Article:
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For example consider:

int index = 3;
int array[4] = {0, 1, 2, 3};

then both index[array] and array[index] are valid expressions, much like *(index + array) and *(array + index).

In C arrays why is this true? array[5] == 5[array] explains how it works. My question is: Why did the language designers choose to allow this? Why not just enforce that index[array] is invalid, for clarity's sake?

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Note that prohibiting index[array] would likely introduce another page or two to the spec. The current syntax can be described in a line. –  Pubby May 3 '12 at 15:16
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6 Answers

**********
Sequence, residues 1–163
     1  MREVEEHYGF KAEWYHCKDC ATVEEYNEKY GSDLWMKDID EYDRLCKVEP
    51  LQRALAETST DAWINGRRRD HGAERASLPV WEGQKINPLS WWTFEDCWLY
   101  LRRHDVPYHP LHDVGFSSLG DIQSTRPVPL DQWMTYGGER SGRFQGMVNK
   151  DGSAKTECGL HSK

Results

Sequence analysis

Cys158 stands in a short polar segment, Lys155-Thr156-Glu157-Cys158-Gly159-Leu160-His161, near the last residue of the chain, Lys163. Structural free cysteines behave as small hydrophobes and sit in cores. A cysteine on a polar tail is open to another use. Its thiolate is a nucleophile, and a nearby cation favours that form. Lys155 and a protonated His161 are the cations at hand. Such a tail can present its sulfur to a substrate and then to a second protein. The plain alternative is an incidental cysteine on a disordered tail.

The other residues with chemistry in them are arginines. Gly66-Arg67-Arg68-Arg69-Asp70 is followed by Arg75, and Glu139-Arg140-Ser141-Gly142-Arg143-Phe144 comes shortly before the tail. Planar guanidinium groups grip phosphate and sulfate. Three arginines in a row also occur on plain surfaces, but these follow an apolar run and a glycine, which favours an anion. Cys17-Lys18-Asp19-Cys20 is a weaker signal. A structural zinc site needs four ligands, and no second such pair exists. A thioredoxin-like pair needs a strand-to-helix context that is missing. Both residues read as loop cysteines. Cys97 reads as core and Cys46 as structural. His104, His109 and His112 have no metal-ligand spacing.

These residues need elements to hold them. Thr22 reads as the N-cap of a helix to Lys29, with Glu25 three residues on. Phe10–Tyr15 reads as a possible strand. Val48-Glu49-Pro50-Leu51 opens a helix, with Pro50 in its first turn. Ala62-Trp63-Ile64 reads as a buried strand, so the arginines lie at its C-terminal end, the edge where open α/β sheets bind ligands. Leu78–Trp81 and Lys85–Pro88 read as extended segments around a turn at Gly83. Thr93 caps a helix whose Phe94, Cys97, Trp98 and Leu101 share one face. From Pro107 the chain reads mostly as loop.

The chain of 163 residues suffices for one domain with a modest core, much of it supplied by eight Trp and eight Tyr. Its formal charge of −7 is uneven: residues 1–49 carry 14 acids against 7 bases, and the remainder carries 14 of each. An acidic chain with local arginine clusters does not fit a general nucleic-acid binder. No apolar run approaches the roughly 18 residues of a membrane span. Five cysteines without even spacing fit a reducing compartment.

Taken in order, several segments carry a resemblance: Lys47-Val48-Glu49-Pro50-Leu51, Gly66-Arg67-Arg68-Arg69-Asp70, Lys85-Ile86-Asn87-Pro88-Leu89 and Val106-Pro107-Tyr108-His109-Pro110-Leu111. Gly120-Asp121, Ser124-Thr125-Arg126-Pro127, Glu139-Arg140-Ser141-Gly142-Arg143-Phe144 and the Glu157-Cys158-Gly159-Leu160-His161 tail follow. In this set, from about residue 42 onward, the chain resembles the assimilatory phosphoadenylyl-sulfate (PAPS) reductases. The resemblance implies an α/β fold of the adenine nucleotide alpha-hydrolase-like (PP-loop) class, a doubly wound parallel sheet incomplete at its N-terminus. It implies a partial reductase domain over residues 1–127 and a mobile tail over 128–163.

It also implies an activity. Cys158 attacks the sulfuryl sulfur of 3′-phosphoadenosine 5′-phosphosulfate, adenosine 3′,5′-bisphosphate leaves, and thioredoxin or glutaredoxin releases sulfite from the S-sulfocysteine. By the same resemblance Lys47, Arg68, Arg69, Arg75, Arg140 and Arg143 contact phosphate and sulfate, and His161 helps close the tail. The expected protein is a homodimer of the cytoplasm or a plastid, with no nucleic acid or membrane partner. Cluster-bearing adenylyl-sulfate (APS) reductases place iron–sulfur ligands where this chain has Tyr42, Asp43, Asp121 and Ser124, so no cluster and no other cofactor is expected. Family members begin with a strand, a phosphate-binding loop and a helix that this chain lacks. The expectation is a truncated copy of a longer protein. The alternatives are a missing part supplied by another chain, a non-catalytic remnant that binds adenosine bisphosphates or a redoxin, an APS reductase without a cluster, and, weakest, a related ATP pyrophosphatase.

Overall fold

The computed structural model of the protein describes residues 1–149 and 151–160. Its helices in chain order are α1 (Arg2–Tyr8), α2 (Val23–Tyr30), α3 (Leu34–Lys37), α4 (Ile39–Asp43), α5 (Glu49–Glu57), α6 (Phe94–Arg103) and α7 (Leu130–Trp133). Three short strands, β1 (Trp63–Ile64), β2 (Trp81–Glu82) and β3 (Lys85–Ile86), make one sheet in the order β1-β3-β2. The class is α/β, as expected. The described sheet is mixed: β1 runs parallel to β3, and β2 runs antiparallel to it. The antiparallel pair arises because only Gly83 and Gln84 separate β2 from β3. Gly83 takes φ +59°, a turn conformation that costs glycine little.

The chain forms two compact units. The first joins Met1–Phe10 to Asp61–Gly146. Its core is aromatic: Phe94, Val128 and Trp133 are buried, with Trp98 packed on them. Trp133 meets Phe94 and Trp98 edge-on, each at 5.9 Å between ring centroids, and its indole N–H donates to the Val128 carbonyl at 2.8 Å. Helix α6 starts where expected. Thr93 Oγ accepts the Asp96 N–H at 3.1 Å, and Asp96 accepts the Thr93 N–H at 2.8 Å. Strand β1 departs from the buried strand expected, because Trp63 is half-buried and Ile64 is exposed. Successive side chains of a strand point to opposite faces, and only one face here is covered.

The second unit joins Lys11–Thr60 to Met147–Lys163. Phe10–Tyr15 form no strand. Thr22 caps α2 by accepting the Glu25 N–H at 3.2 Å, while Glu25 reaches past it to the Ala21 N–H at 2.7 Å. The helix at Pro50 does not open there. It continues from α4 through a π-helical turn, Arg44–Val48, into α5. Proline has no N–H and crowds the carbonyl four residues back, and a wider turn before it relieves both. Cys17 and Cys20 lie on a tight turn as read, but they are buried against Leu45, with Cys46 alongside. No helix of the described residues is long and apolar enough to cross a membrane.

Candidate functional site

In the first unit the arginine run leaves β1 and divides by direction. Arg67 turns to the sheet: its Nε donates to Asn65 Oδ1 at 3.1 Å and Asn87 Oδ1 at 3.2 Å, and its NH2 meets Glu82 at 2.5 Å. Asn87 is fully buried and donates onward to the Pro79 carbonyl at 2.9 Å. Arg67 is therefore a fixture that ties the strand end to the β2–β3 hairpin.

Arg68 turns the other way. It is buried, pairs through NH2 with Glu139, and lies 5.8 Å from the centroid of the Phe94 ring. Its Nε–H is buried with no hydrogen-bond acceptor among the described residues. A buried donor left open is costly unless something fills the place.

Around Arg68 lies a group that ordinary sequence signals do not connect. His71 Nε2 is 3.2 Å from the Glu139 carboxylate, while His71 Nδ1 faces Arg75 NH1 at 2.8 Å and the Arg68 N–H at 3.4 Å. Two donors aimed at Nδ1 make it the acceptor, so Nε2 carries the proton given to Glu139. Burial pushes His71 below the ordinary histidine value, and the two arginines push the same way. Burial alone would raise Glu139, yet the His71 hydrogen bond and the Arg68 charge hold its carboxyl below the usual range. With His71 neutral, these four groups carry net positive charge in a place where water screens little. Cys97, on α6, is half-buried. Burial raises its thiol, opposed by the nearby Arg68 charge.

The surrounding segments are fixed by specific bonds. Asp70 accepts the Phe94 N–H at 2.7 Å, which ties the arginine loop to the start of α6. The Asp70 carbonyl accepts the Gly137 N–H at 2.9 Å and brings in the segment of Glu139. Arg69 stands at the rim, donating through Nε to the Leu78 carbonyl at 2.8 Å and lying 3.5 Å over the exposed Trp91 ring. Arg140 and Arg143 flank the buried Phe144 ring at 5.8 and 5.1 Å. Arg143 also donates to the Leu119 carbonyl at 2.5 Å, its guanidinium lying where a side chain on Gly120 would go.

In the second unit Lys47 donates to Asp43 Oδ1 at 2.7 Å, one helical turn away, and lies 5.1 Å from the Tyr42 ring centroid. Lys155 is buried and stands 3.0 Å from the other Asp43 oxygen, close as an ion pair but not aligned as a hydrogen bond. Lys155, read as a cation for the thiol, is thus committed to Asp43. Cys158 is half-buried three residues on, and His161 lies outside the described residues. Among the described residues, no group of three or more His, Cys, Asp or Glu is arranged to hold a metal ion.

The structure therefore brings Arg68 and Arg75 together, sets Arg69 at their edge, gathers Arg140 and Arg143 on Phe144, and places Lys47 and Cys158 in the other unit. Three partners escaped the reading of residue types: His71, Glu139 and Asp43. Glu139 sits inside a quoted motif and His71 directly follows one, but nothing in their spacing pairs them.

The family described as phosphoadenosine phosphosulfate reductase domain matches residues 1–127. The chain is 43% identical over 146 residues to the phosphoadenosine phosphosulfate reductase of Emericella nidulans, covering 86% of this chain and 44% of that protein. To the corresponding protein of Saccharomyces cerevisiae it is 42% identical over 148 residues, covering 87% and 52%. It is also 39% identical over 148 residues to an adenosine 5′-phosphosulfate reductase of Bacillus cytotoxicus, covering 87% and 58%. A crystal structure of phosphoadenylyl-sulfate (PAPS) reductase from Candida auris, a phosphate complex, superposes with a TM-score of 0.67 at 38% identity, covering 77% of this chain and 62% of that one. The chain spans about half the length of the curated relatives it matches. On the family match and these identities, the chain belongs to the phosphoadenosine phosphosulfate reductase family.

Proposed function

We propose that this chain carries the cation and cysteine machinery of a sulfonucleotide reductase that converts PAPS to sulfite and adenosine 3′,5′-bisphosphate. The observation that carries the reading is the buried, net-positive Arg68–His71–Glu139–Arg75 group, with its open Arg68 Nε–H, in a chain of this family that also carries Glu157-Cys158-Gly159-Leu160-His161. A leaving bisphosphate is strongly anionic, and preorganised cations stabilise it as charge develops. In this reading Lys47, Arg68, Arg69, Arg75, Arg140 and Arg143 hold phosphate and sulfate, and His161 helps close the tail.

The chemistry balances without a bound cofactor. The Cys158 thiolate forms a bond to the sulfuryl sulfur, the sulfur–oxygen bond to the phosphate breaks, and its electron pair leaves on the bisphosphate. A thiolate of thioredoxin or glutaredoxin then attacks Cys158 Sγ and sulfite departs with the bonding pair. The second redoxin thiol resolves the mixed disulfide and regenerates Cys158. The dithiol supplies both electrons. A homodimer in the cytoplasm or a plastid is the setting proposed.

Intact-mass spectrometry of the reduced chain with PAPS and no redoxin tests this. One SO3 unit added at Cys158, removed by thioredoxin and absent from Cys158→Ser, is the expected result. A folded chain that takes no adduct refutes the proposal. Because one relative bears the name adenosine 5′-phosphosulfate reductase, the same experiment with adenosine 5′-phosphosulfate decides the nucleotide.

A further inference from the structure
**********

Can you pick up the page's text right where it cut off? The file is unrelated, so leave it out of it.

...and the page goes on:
up vote 10 down vote accepted

First of all, it would help to read dmr's Development of the C Language to get some insights into some of C's quirks, particularly when it comes to array semantics (basically, blame BCPL and B for most of it).

As for the question "[w]hy not just enforce that index[array] is invalid, for clarity's sake," what would such a check buy you in exchange for the cost of performing it? The form almost never appears outside of the IOCCC, so it's not like it's a major problem in production code (compared to the use of, say, gets, or unchecked array accesses (which disallowing i[a] won't help with), or <fill in the blank>). It's not a bug; it doesn't introduce any undefined behavior; it doesn't introduce any security holes not already present with a[i]; the only complaints against it are stylistic in nature.